Composer

Classical composers have long had their patrons: Beethoven had Archduke Rudolph, John Cage had Betty Freeman. For contemporary opera composers, there's Beth Morrison. She and her production company have commissioned new works from some of the most innovative emerging composers today.

Ben Johnston doesn't follow the rules of music. Sure, he's got degrees from two colleges and a conservatory. But from an early age, Johnston heard music differently. When he was growing up in Georgia, he questioned the standard scales he was taught in school. "I played by ear and I invented my own chords," he says.

Ennio Morricone is as about close as a film composer can come to being a household name — and, at age 88, he's still going strong. This year, he was signed to a new record label and has now released a new recording, Morricone 60, named for the number of years he's been in the business.

John Williams, so famous for his award-winning film scores including Jaws, Star Wars, and Schindler’s List, wrote a violin concerto that transcends the personal story behind it. WRTI’s Susan Lewis has more.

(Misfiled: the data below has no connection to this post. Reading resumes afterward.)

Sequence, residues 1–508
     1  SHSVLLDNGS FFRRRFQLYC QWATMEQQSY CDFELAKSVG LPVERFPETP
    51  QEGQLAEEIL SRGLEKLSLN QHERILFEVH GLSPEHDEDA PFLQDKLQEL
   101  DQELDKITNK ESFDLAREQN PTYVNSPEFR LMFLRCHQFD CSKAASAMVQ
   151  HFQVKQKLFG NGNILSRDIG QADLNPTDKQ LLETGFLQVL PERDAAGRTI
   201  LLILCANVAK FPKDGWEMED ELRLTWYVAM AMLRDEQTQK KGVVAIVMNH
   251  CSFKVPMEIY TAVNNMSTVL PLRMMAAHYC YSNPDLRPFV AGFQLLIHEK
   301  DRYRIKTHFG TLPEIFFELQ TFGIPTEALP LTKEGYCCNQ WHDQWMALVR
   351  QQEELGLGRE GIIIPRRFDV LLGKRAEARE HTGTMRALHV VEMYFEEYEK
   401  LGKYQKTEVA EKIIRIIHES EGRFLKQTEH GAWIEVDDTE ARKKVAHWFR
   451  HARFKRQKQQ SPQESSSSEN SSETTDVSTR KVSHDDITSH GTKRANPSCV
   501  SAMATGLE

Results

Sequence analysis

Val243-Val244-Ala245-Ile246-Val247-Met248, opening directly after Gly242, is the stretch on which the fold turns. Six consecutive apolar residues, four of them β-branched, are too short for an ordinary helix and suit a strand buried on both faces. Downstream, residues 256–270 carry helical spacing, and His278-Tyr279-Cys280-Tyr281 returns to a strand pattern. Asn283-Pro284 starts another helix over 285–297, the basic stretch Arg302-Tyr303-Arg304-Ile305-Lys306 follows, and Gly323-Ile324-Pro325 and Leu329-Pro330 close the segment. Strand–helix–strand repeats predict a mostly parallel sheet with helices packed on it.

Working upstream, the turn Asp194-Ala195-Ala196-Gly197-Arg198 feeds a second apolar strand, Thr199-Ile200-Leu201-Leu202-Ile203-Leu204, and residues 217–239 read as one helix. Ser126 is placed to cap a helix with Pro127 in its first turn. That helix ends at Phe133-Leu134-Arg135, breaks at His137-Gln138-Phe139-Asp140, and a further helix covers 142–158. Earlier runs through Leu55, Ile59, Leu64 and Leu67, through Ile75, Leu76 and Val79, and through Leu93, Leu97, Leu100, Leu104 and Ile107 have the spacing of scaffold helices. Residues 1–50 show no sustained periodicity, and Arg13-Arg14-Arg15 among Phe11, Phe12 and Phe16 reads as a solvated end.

Talk to nearly any classical music critic about heroes of the trade and one name usually comes up: Virgil Thomson. Anthony Tommasini of the New York Times advises: "Every practicing and aspiring critic today should read Thomson's exhilarating writings."

 

In 1930, The Philadelphia Orchestra gave a successful U.S. premiere of the 10th symphony of a revered Russian composer—Nikolai Miaskovsky—sometimes called "The Father of the Soviet Symphony." As WRTI’s Susan Lewis reports, the work and the composer, both little known in America in today, are being championed by one of today's leading conductors.

On Discoveries from the Fleisher Collection, Saturday September 10th, 5 to 6 pm. Last month we left the Hungarian conductor Anton Seidl in late 19th-century New York City, where he led, at one time or another, the New York Philharmonic and the Metropolitan Opera Orchestra. Not too long after, the Spanish composer and pianist Enrique Granados was there, basking in a successful premiere at that same Met. The year was 1916—100 years ago.

Jason Bourne is back, though it might seem like he never went away. The character created by best-selling author Robert Ludlum has populated 12 novels, a made-for-TV movie, and now five big-screen adventures. In four of the five Bourne features, the music underlying the action has been the work of British composer John Powell.

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